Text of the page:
Debian is known for strict adherence to the Unix and free software philosophies. Debian is also known for an abundance of options — the current release includes over twenty-six thousand software packages. Today, Debian turns 15 – HAPPY BIRTHDAY!!!
Updated kernel packages that fix several bugs are now available for Debian Linux v4.0.
Havoc Pennington discovered that DBus, a simple interprocess messaging system, performs insufficient validation of security policies, which might allow local privilege escalation.
This may come handy, from the project page:
Mk-boot-usb is a perl script to create multiple-bootable usb sticks (usb keys / usb flash drives). It wipes out an entire usb stick, partitions it, creates file systems on it, installs grub, and installs a minimal linux on it. Mk-boot-usb is meant to speed up and lower the barrier of entry for creating bootable usb sticks. The usb stick will immediately become bootable (using the minimal linux), and more useful distributions can then be installed into other partitions manually simply by (1) copying any Live CD into each partition (2) modifying grub’s configuration file.
=> Mk-boot-usb: a Script to Create Multiple-Bootable USB Sticks
Related: How to Create Bootable Linux CD
My previous article related to iSCSI storage and NAS storage brought a couple of questions. An interesting question from my mail bag:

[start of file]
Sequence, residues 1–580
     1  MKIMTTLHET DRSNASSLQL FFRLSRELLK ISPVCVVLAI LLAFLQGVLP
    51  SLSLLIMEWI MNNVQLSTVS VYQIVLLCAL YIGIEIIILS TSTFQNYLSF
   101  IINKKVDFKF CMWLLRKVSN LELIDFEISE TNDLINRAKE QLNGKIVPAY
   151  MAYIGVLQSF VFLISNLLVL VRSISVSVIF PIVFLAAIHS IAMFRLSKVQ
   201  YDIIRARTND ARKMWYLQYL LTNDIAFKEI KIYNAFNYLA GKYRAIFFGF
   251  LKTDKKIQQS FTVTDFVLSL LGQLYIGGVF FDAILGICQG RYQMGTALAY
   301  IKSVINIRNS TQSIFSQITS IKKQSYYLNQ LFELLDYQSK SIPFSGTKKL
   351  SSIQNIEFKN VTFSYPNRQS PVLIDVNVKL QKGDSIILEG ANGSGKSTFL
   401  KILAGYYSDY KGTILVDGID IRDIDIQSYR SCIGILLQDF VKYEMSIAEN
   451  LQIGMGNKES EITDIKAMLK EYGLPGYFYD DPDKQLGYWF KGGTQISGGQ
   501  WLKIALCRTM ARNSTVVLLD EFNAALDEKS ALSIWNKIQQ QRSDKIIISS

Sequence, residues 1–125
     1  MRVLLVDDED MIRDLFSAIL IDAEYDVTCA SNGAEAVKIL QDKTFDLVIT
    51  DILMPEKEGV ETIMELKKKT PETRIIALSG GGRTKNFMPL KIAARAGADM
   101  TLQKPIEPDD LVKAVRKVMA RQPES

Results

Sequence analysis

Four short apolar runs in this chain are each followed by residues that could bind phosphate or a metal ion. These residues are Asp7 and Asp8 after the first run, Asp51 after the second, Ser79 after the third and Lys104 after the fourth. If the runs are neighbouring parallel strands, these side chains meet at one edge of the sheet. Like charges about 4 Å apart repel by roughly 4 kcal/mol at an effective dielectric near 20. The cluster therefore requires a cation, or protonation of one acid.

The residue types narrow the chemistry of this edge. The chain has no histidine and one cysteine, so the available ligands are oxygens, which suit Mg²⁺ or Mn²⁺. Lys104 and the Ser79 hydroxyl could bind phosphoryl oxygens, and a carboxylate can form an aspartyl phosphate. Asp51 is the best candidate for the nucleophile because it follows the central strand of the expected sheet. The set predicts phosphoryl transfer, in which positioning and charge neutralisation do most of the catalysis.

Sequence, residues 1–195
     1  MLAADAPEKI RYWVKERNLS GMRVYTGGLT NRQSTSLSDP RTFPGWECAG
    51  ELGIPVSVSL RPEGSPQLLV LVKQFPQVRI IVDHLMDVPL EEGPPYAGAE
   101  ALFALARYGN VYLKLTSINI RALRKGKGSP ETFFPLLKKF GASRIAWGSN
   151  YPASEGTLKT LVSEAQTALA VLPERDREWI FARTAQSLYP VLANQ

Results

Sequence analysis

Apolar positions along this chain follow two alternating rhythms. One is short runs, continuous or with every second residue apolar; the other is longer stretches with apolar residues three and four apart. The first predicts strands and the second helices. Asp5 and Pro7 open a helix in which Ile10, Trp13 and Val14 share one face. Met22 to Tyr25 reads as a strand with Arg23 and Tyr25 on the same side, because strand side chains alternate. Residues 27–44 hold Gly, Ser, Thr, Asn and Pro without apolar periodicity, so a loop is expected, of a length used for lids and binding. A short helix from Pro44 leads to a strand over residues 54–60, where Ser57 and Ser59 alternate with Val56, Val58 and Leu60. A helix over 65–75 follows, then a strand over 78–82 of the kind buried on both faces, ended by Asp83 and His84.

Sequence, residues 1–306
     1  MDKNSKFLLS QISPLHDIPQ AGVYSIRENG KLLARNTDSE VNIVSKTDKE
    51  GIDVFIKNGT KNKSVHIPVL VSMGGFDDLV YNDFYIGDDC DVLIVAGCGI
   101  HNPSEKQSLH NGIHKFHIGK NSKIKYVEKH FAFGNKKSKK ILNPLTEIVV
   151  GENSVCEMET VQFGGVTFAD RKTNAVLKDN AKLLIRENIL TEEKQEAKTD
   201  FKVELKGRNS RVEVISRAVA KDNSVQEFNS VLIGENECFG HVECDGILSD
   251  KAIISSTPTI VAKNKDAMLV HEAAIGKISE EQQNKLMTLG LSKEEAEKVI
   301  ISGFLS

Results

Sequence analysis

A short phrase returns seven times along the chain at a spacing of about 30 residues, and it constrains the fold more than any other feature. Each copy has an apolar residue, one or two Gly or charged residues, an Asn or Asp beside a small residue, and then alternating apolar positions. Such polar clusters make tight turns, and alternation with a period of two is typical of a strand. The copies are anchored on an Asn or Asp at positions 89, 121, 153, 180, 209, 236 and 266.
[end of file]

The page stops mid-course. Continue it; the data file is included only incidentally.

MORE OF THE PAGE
I’ve 5 Debian Linux servers with HP SAN box. Should I boot from SAN?
No, use centralized network storage for shared data or high availability configuration only. Technically you can boot and configure system. However I don’t recommend booting from SAN or any other central server until and unless you need diskless nodes:
[a] Use local storage – Always use local storage for /boot and / (root) filesystem
[b] Keep it simply – Booting from SAN volumes is complicated procedure. Most operating systems are not designed for this kind of configuration. You need to modify scripts and booting procedure.
[c] SAN booting support – Your SAN vendor must support platform booting a Linux server. You need to configure HBA and SAN according to vendor specification. You must totally depend upon SAN vendor for drivers and firmware (HBA Bios) to get thing work properly. General principle – don’t put all your eggs in one basket err one vendor ;)
[d] Other factors – Proper fiber channel topology must be used. Make sure Multipathing and redundant SAN links are used. The boot disk LUN is dedicated to a single host. etc
As you can see, complications started to increases, hence I don’t recommend booting from SAN.
Xen is a free open source software virtual machine monitor for Intel / PowerPC architectures. It is software that runs on a host operating system and allows several guest operating systems to be run on top of the host on the same computer hardware at the same time (just like VMWare software). Luckily Installing and managing XEN is quite easy under CentOS 5 Linux.
Hardware and software failures are part of life. And that is why you need to have a backup plan. I have already written about backing up files and MySQL databases. There is no need to backup all installed binaries and software programs. The following tip will not just save your time, but both Debian and RHEL based distro can be updated instantly.